If the dog tries to lie down during the training on "SIT," bump his front toes with your foot to encourage him to pull them away and sit back up.

Procedure for Training the "DOWN" Command Begin by putting the collar on the dog with the contact points on the top of his neck.

To start training on "DOWN," you will need a tie-out stake in the ground. This prevents the dog from running to the handler. Tie (do not snap) your long rope to the strap of the dog's collar underneath the dog's neck. Now run the rope through the ring on the tie-out stake. The tie-out ring should be as close to the ground as possible.

Place the dog in the "DOWN" position next to the stake without using any stimulation. Every time the dog starts to rise, press the button as you repeat "DOWN," and use the rope to guide him back into the "DOWN" position. Release the button the instant he lies back down.

See how the position of the contact points on the back of the dog's neck helps him to discover that lying down is what you want.

When the dog can do the above action well, remove the rope and put him on a leash. Command "DOWN" and step out to the end of the leash. Gently tug on the leash to tempt him to break his "DOWN" position. Whenever he moves from the "DOWN" position, press the button as you command "DOWN." Release the button the instant he lies down again.

When you see the dog resisting the light tug of the leash, you know he has a good understanding of what you want. Praise him for his correct decision.

Procedure for Training the "STAND" or "WHOA" Command Begin by putting the collar around the dog's waist so that the contact points are under his flank. Since the skin on a dog's belly is not as thick as that on the neck, be sure to start with the very lowest intensity level and use the lowest button on your transmitter.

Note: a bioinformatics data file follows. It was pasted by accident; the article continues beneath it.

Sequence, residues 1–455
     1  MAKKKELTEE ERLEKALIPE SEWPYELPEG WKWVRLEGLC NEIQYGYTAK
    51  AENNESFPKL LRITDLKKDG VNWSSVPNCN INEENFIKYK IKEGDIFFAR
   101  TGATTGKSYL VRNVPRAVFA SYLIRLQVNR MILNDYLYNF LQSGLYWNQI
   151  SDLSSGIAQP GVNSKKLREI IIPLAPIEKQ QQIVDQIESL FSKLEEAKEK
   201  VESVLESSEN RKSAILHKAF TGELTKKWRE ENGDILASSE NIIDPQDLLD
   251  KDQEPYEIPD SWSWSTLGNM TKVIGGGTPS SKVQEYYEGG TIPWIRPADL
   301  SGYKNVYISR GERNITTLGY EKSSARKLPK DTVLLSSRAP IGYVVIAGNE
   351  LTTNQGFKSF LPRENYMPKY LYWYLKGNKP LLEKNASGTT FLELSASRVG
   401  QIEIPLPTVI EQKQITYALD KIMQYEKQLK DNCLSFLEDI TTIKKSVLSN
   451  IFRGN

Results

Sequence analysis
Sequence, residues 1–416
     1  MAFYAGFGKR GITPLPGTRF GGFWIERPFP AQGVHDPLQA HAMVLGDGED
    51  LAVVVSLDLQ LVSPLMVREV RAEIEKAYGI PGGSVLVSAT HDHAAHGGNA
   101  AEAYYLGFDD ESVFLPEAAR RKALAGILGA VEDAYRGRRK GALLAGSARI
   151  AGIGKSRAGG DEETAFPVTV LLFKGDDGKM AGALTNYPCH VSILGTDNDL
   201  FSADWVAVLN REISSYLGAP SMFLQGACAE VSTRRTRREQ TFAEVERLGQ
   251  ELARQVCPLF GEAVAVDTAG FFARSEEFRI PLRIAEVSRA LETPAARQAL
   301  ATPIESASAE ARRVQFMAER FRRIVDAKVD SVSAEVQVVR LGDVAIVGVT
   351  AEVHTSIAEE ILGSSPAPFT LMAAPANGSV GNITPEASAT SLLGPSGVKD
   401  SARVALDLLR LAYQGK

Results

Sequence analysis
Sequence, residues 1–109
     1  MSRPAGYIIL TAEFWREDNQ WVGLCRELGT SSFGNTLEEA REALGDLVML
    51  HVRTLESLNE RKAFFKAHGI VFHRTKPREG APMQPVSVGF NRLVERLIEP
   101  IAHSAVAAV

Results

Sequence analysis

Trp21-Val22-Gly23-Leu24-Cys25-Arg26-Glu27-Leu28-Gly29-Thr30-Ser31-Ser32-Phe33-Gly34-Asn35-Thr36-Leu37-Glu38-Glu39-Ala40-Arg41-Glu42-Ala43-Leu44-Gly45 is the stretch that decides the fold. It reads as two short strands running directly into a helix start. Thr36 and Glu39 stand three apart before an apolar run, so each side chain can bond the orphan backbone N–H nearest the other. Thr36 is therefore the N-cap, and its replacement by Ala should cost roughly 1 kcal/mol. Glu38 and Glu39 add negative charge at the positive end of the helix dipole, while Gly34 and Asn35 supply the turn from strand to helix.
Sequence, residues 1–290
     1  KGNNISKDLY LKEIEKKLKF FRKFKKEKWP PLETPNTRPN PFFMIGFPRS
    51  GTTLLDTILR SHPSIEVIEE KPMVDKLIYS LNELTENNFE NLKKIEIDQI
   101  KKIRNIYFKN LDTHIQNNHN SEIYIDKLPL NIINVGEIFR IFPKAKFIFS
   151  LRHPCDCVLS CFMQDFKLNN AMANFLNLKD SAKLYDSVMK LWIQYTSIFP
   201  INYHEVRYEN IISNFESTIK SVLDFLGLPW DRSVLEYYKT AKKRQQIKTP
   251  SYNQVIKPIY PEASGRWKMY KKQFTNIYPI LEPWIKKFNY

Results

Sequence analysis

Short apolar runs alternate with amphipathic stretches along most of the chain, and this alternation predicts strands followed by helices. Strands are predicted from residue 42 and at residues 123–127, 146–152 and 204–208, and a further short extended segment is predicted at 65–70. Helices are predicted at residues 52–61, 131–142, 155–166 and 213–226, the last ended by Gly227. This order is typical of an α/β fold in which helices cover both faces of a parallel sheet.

Put the dog on a 6-foot leash and place him in the "STAND" position without using any stimulation. Whenever he moves, press the low button as you command "STAND" (or "WHOA" for pointing dogs) and step toward the dog. Use the leash to prevent him from moving toward you. Release the button when he stops moving.

See how the position of the contact points under the dog's flank helps him to discover that standing is what you want.

Gently tug on the leash to tempt him to break his "STAND" position. Whenever he moves, press the button as you command "STAND" or "WHOA," and step toward him if you need to. When you see the dog resisting the light tug of the leash, praise him for his correct decision.

Use light tugs on the leash to help the dog learn to stay motionless. Soon you will see the dog resisting the light tugs with determination. He has learned "what works" to keep the collar turned off.



Lesson Two - Obeying the Stationary Command (Sit, Stand, or Down) Goal: The dog learns that assuming the sitting, standing, or lying down position from motion when he hears the command will cause stimulation to stop.

Put the dog on a 6-foot leash and have him walk along beside you. Without using stimulation, give your command ("DOWN," "SIT," "STAND" or "WHOA"), and use immediate leash pressure to ensure that he stops and performs the command. It may also help to step quickly in front of the dog to block his forward motion. Praise him calmly for coming to a stop.

After several repetitions of coming to a stop without using the collar, begin pressing the stimulation button as you give your command ("DOWN," "SIT," "STAND" or "WHOA"). Right after you press the stimulation button, also use your leash to help guide the dog into performing the command, just as you did without the collar. Release the button when the dog is in the correct position and praise him. When you first praise him for stopping, repeat your command after your praise (for example, "Good. SIT.") so he will not interpret praise as a signal to move toward you.